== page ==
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Case report

Complete Response of Metastatic Melanoma to Local Radiation and Immunotherapy: 6.5 Year Follow-Up


The combined use of immunotherapy and radiation therapy is emerging as a potentially effective treatment for patients with immunogenic tumors such as melanoma; however, evidence for long-term treatment outcomes is lacking. Herein, we summarize our previously described case study of a patient with metastatic melanoma treated with two cycles of ipilimumab, followed by stereotactic body radiotherapy to two of seven liver metastases, with two additional cycles of ipilimumab. In the longest follow-up to date, we report a successful treatment outcome at 6.5 years. Our patient remains in complete remission, with no evidence of disease or recurrence 6.5 years after treatment. He continues to manage chronic hypophysitis developed secondary to immunotherapy and has developed osteopenia from prolonged systemic glucocorticoid use. The use of radiotherapy in combination with targeted immune therapy appears to be an effective treatment strategy, with long-lasting efficacy.


Melanoma is a highly immunogenic cancer, and its ability to induce a systemic immune response has made it ideal for immunotherapy treatment. Increasing numbers of reports in the literature have demonstrated the safety and efficacy of combined radiation treatment (RT) with systemic immunotherapy as a means of inducing a clinically meaningful anti-melanoma immune response with an abscopal response at sites of disease distant from those treated with local RT [1-5].

Herein, we present the 6.5 year follow-up of a patient with metastatic (stage IV) melanoma. This case illustrates a promising successful long-term treatment outcome of combined immunotherapy and high-dose stereotactic body radiotherapy in metastatic melanoma. We discuss current findings regarding the abscopal effect as well as current literature exploring the mechanism of action for the abscopal effect.

Case Presentation

In our initial case report [1], we described the case of a 57-year-old man diagnosed with stage IIA cutaneous melanoma in November 2007 following biopsy of a melanocytic lesion on the left posterior arm that revealed ulcerated primary melanoma with Breslow thickness 1.75 mm and a mitotic index of 1/mm2.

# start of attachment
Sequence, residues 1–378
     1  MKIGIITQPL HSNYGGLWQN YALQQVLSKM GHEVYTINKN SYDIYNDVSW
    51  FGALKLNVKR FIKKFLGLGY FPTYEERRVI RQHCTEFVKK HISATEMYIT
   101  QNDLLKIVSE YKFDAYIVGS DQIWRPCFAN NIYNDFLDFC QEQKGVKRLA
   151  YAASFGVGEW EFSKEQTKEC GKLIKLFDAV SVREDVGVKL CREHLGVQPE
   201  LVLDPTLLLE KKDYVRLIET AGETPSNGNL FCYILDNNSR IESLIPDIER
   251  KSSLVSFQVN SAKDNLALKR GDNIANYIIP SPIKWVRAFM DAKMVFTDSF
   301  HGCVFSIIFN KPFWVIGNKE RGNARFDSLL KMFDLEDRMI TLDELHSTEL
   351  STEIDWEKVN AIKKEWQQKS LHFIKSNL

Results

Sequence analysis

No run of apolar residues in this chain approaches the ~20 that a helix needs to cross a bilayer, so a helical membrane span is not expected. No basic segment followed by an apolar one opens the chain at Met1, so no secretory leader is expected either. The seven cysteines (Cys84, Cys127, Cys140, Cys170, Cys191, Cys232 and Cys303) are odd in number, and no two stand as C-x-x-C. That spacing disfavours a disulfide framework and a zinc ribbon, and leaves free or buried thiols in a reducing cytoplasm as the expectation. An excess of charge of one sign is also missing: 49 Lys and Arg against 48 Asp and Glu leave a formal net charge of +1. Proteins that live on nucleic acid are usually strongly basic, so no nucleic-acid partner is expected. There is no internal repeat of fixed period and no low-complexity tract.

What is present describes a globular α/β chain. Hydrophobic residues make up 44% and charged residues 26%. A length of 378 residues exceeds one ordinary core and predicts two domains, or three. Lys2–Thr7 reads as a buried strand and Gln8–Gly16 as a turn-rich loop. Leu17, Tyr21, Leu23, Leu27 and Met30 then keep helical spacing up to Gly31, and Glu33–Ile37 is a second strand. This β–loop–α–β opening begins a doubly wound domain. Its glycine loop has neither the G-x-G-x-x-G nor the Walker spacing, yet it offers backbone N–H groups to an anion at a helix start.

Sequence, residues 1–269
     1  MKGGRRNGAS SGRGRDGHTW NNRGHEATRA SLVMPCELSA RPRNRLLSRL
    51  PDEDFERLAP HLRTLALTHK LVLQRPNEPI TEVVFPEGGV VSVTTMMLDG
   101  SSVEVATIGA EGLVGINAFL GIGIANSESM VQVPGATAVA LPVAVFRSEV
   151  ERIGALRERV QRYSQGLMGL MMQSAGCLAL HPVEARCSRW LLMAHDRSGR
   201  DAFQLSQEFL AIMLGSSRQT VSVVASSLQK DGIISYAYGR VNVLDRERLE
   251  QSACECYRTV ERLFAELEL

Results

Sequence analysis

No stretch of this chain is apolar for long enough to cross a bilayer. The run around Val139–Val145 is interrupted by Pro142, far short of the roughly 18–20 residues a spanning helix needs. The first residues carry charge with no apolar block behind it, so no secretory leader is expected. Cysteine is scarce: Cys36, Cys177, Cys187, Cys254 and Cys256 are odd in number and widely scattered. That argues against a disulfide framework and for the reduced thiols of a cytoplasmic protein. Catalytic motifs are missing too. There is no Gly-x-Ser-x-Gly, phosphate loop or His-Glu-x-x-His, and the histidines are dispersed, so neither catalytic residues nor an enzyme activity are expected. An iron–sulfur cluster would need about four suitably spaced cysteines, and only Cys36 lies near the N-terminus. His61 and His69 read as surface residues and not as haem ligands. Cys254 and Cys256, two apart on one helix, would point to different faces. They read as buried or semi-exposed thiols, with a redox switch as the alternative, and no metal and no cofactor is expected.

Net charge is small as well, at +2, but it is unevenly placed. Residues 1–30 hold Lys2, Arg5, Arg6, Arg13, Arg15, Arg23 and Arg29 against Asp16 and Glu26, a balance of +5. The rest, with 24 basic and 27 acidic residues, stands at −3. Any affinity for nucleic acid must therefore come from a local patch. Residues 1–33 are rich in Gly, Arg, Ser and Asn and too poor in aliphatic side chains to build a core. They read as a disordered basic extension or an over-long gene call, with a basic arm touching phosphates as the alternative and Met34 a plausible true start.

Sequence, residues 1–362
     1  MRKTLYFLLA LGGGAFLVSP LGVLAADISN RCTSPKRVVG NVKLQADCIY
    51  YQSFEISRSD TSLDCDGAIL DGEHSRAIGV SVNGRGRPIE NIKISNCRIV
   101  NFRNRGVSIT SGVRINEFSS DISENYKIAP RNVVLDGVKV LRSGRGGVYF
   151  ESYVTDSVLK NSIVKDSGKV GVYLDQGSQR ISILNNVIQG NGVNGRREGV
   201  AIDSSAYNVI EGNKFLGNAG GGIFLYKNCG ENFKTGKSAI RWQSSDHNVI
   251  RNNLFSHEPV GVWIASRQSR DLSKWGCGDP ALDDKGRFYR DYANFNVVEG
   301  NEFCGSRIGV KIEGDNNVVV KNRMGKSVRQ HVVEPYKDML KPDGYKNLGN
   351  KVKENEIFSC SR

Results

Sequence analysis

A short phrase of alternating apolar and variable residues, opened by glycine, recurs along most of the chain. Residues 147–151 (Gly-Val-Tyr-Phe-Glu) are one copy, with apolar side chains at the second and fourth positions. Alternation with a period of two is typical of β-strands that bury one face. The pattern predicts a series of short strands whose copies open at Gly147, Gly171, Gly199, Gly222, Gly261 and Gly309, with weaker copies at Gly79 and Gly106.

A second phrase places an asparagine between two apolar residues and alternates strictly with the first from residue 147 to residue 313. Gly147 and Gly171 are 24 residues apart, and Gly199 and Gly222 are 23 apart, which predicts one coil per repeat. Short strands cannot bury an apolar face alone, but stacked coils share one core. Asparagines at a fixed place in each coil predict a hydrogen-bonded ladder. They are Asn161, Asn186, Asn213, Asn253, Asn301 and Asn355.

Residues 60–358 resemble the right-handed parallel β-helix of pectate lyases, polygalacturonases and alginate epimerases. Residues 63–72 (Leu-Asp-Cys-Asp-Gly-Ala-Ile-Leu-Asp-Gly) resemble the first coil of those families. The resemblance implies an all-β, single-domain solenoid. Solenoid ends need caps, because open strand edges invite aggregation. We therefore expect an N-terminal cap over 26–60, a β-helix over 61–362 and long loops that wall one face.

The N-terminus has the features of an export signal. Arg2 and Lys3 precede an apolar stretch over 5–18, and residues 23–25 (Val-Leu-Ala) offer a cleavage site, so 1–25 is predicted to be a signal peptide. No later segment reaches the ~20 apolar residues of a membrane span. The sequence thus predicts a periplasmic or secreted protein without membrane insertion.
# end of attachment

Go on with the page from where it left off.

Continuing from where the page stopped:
He underwent wide excision of the primary lesion followed by completion lymph node dissection (LND) of the left axillary basin following what was initially deemed a positive sentinel lymph node biopsy, although histology from the LND favored a diagnosis of capsular nevi within several regional lymph nodes (LNs) (ie, pathologic stage IIA, T2b melanoma). The patient remained disease-free for three years, when an in-transit metastasis was detected near the primary site. Following excision of the lymphatic metastasis, he was treated with adjuvant radiotherapy of 50 Gy in 20 fractions to the left posterior arm, followed by one month of adjuvant systemic therapy with high-dose interferon (IFN). One year later, he experienced a second local in-transit recurrence, with positron emission tomography–computed tomography (PET-CT) imaging and tissue confirmation of two to three metastatic melanoma lesions in the liver. BRAF testing on the hepatic metastasis was negative for the V600 mutation.

To induce an anti-tumor immune response that could mediate systemic tumor regression (abscopal effect), planned treatment for the patient included four doses of ipilimumab (anti-CTLA-4) at 3 mg per kilogram of body weight every three weeks, with radiation to begin after two doses. After two cycles of ipilimumab alone, a PET-CT scan showed progression of liver metastases with enlargement of the two previous liver lesions and development of five new hypermetabolic foci in the liver, the largest measuring 2.3 x 2.5 cm (Figure 1). He then was treated with stereotactic body radiotherapy (SBRT) to two of the liver metastases with a total dose of 54 Gy in three fractions (Figure 2). During cycle 3 of ipilimumab, he developed another in-transit melanoma recurrence in his left upper arm, which later completely resolved following initial enlargement consistent with “pseudoprogression.” He also developed hypophysitis that was treated with prednisone. Our previous report concluded at one-year follow-up, in August 2012, with complete resolution of the hypermetabolic lesion in the left arm and all seven hypermetabolic lesions in the liver and no evidence of local or distant disease progression.